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Timing of Parturition and Lactation in Southern Mule Deer

R. Terry Bowyer
DOI: http://dx.doi.org/10.2307/1381988 138-145 First published online: 13 February 1991

Abstract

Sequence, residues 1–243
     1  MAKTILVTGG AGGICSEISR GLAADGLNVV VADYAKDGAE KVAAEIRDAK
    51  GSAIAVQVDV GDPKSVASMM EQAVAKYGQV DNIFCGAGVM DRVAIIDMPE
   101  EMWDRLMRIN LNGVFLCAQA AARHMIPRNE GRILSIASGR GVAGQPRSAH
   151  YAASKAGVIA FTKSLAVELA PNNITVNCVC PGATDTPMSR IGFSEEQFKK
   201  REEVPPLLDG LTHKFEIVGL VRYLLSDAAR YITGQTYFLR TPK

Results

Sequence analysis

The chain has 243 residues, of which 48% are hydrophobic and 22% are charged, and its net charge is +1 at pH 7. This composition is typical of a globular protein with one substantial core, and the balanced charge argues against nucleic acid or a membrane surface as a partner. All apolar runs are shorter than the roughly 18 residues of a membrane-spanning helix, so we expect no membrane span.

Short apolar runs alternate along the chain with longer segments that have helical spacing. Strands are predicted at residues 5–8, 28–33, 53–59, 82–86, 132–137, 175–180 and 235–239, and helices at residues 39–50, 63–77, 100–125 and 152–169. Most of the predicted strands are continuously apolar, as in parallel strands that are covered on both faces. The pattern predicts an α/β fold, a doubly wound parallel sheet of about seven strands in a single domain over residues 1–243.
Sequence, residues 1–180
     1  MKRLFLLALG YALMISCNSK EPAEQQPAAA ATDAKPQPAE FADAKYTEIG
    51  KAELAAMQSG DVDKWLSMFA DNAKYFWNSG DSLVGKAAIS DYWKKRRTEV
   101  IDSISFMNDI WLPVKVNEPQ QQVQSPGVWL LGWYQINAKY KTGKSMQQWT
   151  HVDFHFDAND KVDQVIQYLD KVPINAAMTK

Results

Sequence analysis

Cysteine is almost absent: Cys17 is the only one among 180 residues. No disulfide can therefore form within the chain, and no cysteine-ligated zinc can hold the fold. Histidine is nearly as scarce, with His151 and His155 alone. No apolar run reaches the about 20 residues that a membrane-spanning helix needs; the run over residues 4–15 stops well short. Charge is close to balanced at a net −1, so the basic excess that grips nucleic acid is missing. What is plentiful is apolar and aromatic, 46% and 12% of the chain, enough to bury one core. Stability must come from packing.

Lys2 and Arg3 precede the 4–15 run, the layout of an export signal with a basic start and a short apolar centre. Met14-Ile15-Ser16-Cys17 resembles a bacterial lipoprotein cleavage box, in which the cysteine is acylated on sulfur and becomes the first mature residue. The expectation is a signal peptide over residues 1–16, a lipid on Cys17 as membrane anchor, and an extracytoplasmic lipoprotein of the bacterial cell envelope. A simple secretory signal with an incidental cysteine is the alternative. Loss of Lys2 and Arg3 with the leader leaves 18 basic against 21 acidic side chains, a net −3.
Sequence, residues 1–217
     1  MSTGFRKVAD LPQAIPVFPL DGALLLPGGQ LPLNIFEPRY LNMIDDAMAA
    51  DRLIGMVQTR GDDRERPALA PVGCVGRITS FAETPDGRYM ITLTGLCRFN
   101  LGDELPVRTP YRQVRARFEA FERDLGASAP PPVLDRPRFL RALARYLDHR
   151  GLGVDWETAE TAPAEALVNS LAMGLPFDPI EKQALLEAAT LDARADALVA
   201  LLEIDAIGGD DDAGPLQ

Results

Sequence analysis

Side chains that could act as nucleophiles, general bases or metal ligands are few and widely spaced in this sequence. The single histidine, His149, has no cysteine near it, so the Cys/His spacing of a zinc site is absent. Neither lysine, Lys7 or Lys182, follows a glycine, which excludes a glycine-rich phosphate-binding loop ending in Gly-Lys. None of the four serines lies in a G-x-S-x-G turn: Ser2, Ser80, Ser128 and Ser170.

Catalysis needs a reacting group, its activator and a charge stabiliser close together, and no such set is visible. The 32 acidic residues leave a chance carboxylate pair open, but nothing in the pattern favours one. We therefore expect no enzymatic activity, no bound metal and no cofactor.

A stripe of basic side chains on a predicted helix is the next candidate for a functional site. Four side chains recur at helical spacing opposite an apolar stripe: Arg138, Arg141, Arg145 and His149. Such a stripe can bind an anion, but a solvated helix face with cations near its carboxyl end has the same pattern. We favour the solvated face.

Factors related to timing of fawning in southern mule deer (Odocoileus hemionus fuliginatus) were studied in montane areas of San Diego Co., California, from June 1977 to January 1979. Mean date of birth was 27 June (SD = 7.4 days). Rates of nursing were highest in June and declined thereafter. Forage available to females following fawning was dry and of low quality; deer increased their consumption of browse during this period. A resultant shortened period of maternal care may have contributed to mortality (50–74%) of fawns. Timing of parturition may be related to the requirements of the maternal female during the last third of gestation when favorable temperatures and adequate precipitation combine to produce abundant forage. Sex ratios (males:females) changed markedly from yearlings (3.1:1) to adults (0.2:1), presumably because rutting activities followed harsh summer conditions.

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